Sustainable development through agro-industry
Ghana’s economic growth over the past 20 years has generated opportunities for further growth as well as new challenges. Consolidating the country’s economic gains and ensuring continuing inclusive and sustainable growth that targets the rural poor now depend on its ability to add value to agricultural produce and reach out for export markets.
UNIDO, with funding from the State Secretariat for Economic Affairs (SECO), is deploying several important initiatives to assist Ghana in selected agro-based sectors. This intervention has identified Ghana’s main know-how challenges as: (i) developing and implementing standards to assure the quality and safety of its agricultural products; (ii) building laboratory testing capacity for these products to ensure they meet international requirements; and (iii) establishing a product traceability system to provide market confidence, particularly for export buyers.
To meet these challenges, UNIDO has cooperated with the Ghanaian Government to:
- Strengthen Ghana's Standards Board'scapacity to develop and publish standardsfor selected export products;
- Train Ghanaian enterprises on the adoptionof priority public and private standards;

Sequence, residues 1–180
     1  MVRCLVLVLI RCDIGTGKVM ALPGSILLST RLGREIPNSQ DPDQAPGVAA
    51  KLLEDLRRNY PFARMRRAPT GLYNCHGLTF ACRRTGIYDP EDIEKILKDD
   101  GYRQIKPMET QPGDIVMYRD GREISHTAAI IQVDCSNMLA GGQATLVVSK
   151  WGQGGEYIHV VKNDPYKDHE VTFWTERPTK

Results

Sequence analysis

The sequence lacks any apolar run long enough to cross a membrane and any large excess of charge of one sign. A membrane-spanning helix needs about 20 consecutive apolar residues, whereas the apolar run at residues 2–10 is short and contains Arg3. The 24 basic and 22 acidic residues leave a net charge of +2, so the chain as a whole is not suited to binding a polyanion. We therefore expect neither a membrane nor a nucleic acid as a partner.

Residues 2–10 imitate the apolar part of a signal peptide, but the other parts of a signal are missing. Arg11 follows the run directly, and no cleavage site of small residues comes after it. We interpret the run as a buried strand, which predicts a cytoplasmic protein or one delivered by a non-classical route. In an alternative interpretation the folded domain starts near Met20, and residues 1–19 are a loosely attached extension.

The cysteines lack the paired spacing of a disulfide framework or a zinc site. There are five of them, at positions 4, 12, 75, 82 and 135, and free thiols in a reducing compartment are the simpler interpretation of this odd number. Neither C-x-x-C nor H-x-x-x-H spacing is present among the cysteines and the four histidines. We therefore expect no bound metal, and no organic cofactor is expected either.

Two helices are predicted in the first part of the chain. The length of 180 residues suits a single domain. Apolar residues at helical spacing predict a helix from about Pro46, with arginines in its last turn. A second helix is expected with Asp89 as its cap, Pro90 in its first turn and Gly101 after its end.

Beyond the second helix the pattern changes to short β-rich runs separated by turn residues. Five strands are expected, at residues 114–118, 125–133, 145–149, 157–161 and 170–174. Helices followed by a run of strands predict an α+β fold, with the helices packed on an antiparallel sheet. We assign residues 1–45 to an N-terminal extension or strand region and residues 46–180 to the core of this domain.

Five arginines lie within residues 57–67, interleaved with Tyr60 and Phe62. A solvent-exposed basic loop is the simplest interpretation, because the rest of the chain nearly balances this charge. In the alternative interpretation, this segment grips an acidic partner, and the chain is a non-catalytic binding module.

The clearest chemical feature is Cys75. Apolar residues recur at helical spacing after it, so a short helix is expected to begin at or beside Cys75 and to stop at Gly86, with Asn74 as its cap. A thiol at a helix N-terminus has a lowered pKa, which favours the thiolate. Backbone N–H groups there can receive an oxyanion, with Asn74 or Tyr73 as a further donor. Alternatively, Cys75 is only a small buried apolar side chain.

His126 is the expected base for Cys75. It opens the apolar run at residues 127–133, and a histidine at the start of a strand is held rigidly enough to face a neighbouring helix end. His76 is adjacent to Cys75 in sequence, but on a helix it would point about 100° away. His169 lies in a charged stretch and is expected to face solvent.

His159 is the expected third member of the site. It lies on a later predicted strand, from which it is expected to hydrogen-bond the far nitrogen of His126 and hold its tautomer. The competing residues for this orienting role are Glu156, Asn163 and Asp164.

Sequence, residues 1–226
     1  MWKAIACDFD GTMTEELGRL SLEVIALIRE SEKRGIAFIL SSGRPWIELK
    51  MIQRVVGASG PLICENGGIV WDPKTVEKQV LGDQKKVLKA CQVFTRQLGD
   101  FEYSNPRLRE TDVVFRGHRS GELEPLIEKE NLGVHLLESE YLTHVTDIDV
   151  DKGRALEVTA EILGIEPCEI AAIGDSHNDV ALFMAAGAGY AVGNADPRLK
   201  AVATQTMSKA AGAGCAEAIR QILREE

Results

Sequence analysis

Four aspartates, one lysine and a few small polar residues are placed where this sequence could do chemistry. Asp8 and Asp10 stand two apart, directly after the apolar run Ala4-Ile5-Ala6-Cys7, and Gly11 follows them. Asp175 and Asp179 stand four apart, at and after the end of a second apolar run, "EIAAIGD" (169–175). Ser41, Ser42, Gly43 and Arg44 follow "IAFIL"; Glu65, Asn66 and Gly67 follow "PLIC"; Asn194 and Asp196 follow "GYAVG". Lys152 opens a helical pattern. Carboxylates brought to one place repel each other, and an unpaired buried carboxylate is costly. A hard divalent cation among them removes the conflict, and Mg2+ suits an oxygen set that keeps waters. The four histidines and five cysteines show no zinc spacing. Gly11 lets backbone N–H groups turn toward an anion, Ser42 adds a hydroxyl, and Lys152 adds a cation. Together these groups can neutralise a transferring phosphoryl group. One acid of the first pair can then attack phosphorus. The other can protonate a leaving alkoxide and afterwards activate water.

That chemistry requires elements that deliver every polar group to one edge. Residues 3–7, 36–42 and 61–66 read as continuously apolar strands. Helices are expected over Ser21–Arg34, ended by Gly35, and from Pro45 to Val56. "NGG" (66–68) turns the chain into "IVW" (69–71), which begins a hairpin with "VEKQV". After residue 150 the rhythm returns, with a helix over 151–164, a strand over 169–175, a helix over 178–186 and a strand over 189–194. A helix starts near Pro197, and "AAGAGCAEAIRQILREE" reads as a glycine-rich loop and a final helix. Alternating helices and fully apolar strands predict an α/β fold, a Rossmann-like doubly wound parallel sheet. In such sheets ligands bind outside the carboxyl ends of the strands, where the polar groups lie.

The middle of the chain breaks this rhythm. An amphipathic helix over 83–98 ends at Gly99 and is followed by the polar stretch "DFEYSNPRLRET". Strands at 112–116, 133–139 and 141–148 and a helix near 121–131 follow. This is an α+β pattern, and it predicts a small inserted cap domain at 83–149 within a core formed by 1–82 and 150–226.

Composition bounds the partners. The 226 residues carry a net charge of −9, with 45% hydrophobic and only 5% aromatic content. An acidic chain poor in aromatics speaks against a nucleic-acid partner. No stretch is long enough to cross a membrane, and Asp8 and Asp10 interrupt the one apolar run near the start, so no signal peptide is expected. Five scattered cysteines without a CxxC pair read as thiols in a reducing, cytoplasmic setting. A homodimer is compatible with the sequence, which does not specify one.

- Establish a national traceability system forhorticultural products;
- Upgrade laboratories to meet theISO/IEC 17025 accreditation standard;
- Strengthen the nominated European Union(EU) Competent Authority in the field ofhorticulture.
As a result of these interventions, local producers now have standards that govern both the quality and the safety of their agricultural products. Their exports can betraced back to the farm, and the source of any non-compliance with standards and safety requirements quickly identified. They receive reliable certification services for ISO9001 and ISO 22000 management systems at affordable prices, and inspections of their products are conducted according to the best international practice. Assuring food safety is a key priority.
Ghana's newly strengthened quality infrastructure draws on the best international methods to test food, beverages and drinking water for toxins and pesticides. This, together with recently introduced legislation, marks a major step towards ensuring the safety of food from microbiological and chemical contamination at all stages of the food chain. An added bonus is the low cost oftest services provided by local accredited laboratories - expensive re-testing in buyer countries is no longer required, and the delivery time for results and any re-samplingis significantly reduced.
The enhanced export capacity of Ghana’s agro-based sectors will generate new market opportunities that will lead to a diversification of the country’s export base. It has the potential to emerge as a market leader, particularly in supplying food products to the EU. The broader framework of this assistance is also especially beneficial to Ghana, where a majority of the population lives in rural areas and is dependent on agricultural production and exports.
For more information, please email:
Juan Pablo Davila